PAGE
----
Dei'ah veDibur - Information & Insight

A Window into the Chareidi World

10 Shevat 5766 - February 8, 2006 | Mordecai Plaut, director Published Weekly










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Shema Yisrael Torah Network











Violent Moslem Protests Sweep Through Middle East; Europe also a Target

By M Plaut in Jerusalem and Arnon Yaffeh in Paris

Moslem protests of Danish cartoons that satirized the Prophet Mohammed swept across the Middle East and elsewhere in the world on Monday. Many were violent. There was violence in Afghanistan where at least five protesters died and more than a dozen police and protesters were wounded. Protesters turned out in Turkey, Indonesia, India, Thailand and even New Zealand, where newspapers recently reprinted the cartoons. A teenager died in Somalia on Monday when the police set off a stampede by firing into the air to disperse protesters.

Syrians torched the Danish and Norwegian embassies in Damascus on Saturday. The Danish Consulate in Lebanon was also torched. The Beirut consulate building is located in a Christian neighborhood, and a Maronite church there was also stoned by the violent protesters. Some Lebanese citizens told news media that the protesters were not Lebanese Moslems but Syrians and Iranians.

Reports from Beirut said Hizbullah and/or Syrian intelligence were behind the attacks on the Danish and Norwegian embassies in Damascus. An SMS notice sent from an unknown source claiming, "the Koran is being burned in a public square in Denmark," was enough to bring an angry mob against the Danish Embassy. The suspicions are that Hizbullah or the Syrians are making use of Moslem rage for their own political ends.

Thousands of demonstrators took to the streets of Damascus with Hamas and Hizbullah flags — both terrorist organizations sponsored by the Syrian and Iranian regimes. One reporter saw people handing out the flags to the masses. Nobody in Damascus keeps Hamas flags in their homes. Syrian forces only intervened to stop the mob when it turned against the French Embassy, repelling the attackers based on fears of a French response by the new aircraft carrier, the Charles de Gaulle.

Thousands of rioters representing Hizbullah set fire to the Danish consulate in Beirut, located in the Christian neighborhood of Ashrafiyeh, and then destroyed nearby stores. The next morning notices saying churches were being burned were distributed in Christian mountain areas. It seems that someone wants to renew religious civil war that Lebanon suffered from in the past.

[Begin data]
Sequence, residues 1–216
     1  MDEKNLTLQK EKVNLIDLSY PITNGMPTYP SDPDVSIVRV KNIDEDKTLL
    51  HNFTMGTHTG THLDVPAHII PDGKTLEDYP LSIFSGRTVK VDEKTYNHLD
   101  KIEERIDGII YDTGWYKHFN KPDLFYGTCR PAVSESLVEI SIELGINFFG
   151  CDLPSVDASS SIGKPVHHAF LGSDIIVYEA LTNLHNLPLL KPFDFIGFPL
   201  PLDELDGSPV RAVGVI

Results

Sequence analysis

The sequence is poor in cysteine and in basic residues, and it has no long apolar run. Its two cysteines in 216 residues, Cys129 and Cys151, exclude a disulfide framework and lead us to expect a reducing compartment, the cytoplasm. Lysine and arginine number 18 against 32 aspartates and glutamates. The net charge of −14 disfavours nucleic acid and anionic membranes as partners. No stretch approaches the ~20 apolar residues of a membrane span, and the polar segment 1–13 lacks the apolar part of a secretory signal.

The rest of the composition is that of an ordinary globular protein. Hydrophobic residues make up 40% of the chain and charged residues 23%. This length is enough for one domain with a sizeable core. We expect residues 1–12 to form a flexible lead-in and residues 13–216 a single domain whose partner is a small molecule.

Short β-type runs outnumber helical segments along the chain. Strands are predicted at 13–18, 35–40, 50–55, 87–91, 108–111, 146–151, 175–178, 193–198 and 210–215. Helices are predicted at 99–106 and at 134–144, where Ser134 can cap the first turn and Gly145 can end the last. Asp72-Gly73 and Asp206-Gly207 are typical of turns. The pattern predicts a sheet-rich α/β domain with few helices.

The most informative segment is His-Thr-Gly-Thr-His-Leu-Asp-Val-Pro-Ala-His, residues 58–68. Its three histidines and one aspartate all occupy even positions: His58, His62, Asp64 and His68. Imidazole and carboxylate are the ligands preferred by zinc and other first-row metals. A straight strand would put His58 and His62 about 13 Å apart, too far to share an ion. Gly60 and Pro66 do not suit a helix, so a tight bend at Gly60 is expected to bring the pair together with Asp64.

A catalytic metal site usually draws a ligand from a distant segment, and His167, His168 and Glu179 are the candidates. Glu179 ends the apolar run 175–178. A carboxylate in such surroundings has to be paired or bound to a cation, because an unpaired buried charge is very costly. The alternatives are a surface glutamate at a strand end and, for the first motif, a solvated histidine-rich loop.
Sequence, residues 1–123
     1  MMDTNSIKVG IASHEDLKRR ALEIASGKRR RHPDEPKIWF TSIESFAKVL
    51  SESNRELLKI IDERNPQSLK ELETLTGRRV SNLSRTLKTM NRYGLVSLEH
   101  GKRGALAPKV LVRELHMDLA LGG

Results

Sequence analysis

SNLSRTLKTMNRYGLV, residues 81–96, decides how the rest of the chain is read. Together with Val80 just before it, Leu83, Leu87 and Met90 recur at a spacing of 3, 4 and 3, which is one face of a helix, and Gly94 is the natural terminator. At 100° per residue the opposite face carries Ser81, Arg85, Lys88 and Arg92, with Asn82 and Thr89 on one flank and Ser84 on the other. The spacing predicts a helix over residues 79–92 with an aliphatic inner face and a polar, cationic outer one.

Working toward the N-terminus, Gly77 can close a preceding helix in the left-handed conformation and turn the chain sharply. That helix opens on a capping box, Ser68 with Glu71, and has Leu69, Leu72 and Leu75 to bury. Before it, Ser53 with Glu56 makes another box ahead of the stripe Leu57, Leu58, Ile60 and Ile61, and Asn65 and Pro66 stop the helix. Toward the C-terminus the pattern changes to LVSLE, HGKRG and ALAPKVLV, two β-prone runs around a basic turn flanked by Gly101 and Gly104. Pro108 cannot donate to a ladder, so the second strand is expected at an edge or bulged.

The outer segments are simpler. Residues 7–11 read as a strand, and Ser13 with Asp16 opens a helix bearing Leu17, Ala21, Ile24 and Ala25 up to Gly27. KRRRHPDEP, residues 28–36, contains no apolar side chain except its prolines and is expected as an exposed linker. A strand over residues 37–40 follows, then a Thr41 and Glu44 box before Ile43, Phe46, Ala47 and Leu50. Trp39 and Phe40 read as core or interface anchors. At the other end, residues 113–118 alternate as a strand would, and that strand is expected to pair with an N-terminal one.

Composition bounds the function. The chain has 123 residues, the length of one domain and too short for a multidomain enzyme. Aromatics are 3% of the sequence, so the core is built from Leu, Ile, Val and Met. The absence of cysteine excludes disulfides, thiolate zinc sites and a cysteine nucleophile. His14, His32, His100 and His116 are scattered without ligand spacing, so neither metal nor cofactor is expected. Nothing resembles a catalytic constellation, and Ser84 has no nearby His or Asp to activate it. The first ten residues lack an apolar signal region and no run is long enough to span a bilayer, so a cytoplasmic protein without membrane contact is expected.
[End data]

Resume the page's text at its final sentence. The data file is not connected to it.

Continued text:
In Gaza, armed Palestinians being nourished by generous European aid money to the Palestinian Authority, attacked European Union offices in Gaza. Palestinians marched through the streets, storming European buildings and burning German and Danish flags. Protesters smashed the windows of the German cultural center and threw stones at the European Commission building. The leader of Hamas called the cartoons "an unforgivable insult" that merits punishment by death.

Iraqis rallying by the hundreds demanded an apology from the European Union.

Pakistan summoned the envoys of nine Western nations in protest, and Moslem Europeans took to the streets in Denmark and Britain.

The Israeli Foreign Ministry refused to comment on the current controversy. One ministry official said that the "cartoon wars" were not Israel's battle, and that it did not want to get dragged into it. If Israel would react at all to the whole controversy, the official said, the Islamic world would eventually blame Israel for being behind the whole incident.

The West does not know how to mollify the fury and violence among Moslems around the world. However, a spokeswoman for Javier Solana, the European Union's foreign policy chief, called the locations of major protests "very peculiar," especially singling out Iran, Syria and the Gaza Strip. These states have been the objects of particular Western pressure: Iran over its nuclear weapons development, Syria over its support of terror in Iraq and Lebanon, and Gaza to suppress its violent terrorists.